Saturday, October 22, 2011

Iron War: Dave Scott, Mark Allen, and the Greatest Race Ever Run

 The 1980's was the decade of the triathlon (at least in my mind). The modern sport of triathlon had its beginnings in San Diego, California in 1974, and eventually the first Hawaii Ironman triathlon was held in 1978 with 15 participants. In 1979 a Sports Illustrated article drew some attention to this strange endurance race which was followed by ABC starting to televise the race in 1980 with Dave Scott achieving his first of six victories. I recall watching the race while at college and wondering whether a runner (my pick) or a cyclist (my roommate's pick) would be the victor. Little did we know that a new type of athlete was being born at this race; a triathlete. It wasn't until 1982 that triathlons really captured the imaginations of athletes and people around the world as Julie Moss painfully stumbled and crawled towards the finish line just at the same time that she was passed by a fresh looking Kathleen McCarthy for the win.

I watched that race on ABC Wide World of Sport and then watched it again when it was rebroadcast (due to so many people talking about the incredible finish) in complete awe. I told myself I would have to try this new sport and I became one among thousands of others that had a new goal to pursue. Triathlons suddenly started to take off! As soon as I heard about an Ironman distance triathlon taking place on Cape Cod in September 1983 I was in, even though I had no bike or swim background. I did three triathlons on Cape Cod during the summer of 1983. My first was a local sprint triathlon held on my hometown of Falmouth on Cape Cod with less than 100 track club participants taking part, the second was the United States Triathlon Series race held at Old Silver Beach in Falmouth. Julie Moss showed up to MC a workshop on triathlons the day before the race that had over 900 participants (all in one swim wave on a stormy day). The third was the Cape Cod Endurance Triathlon where I swam and biked further than I had ever done in practice to complete an Ironman distance race. I competed in triathlons throughout New England for 5 more years ending each season with my favorite, Cape Cod Endurance Triathlon.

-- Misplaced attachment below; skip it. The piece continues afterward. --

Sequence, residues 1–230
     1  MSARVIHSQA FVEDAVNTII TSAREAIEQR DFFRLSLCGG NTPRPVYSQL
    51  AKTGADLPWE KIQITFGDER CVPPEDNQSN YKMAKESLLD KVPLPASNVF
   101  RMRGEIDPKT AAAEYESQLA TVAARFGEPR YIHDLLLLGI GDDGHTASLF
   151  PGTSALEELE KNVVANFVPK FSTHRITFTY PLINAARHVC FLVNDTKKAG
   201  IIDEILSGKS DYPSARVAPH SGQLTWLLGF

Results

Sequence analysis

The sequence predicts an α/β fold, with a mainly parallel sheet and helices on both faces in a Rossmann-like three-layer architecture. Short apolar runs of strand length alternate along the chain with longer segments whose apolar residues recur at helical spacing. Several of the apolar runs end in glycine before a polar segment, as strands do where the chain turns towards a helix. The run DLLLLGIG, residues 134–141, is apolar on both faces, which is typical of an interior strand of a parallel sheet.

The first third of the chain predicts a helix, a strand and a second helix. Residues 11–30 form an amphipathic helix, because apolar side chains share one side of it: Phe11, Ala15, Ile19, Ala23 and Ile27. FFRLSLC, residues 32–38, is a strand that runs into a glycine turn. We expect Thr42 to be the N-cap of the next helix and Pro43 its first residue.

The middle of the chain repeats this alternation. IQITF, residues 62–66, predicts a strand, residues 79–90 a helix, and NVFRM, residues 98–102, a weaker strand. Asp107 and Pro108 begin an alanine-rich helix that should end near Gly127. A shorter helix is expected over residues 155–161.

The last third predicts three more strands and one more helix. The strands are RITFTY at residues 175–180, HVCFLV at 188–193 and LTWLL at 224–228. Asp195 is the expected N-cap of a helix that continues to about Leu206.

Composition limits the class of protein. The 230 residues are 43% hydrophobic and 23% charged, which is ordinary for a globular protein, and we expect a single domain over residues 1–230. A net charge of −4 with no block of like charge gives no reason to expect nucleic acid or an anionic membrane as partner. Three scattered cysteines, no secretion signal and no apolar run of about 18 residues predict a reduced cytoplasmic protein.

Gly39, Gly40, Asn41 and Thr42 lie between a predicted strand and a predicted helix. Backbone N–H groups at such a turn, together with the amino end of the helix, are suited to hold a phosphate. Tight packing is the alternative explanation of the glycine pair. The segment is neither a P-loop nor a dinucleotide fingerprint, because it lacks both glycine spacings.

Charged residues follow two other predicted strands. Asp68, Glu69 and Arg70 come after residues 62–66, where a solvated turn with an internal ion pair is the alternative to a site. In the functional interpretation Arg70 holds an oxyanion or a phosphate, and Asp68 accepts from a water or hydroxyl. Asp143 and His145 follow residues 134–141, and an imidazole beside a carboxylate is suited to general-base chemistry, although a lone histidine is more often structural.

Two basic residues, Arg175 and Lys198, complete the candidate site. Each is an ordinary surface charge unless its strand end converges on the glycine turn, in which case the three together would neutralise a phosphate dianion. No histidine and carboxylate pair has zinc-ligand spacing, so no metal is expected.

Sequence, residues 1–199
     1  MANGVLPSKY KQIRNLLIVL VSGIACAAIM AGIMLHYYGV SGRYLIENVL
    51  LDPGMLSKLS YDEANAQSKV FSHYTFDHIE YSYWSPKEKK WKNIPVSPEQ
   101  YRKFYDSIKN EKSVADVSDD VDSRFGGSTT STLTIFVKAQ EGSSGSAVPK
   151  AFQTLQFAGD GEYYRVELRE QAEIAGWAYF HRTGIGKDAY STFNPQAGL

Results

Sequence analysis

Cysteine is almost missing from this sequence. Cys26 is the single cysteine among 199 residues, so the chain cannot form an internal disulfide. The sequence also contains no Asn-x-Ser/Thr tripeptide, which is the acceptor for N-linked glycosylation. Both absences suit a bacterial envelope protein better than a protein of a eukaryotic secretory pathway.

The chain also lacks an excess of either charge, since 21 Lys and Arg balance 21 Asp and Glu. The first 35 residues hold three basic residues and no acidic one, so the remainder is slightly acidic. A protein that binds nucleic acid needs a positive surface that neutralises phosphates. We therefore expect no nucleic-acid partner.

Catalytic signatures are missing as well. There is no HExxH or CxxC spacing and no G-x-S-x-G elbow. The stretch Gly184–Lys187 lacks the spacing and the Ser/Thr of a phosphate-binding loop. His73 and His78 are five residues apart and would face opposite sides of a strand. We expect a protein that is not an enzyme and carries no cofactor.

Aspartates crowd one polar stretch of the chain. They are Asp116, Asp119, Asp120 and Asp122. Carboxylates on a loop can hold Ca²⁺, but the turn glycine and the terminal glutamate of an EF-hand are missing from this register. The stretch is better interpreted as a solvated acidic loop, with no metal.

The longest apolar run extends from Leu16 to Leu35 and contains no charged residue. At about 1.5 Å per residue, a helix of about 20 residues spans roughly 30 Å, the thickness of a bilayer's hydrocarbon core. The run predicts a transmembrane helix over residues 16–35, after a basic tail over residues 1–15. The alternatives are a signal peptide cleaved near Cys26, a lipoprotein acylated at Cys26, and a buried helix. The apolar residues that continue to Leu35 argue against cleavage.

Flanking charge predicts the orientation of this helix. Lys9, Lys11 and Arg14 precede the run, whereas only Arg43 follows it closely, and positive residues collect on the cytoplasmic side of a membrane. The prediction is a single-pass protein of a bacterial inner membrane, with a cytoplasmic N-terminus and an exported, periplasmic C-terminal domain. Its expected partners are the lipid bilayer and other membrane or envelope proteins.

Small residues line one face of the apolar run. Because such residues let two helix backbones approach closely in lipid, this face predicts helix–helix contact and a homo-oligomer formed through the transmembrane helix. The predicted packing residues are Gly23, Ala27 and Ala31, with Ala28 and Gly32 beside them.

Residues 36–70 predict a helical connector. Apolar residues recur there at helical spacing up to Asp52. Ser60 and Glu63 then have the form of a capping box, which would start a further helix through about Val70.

It was exciting to participate and to be somewhat of a pioneer in such a new sport. New athletic heroes turned up, including the "big four" of triathlons. Dave Scott, Scott Tinley, Scott Molina, and Mark Allen. Both Tinley and Molina would venture to the Cape Cod Endurance Triathlon and win it in the 3rd and 4th editions. Dave Scott showed up one year to race at the Bay State Triathlon in Medford, Mass. I came out of the bike transition to find myself running directly behind the awkward stride of Dave Scott himself. I held on for about 1/4 mile before I let him go. He was a lap ahead of me anyway! Other than those appearances I had to catch the big four on televised triathlons or on the pages of new magazines like Triathlon and Triathlete. These guys were aerobic and endurance animals of a completely different nature than the runners and marathoners I was used to. They had strengths and skills that were beyond the world class runners, so that while they may have been very good at each sport individually, they became great when combining sports together.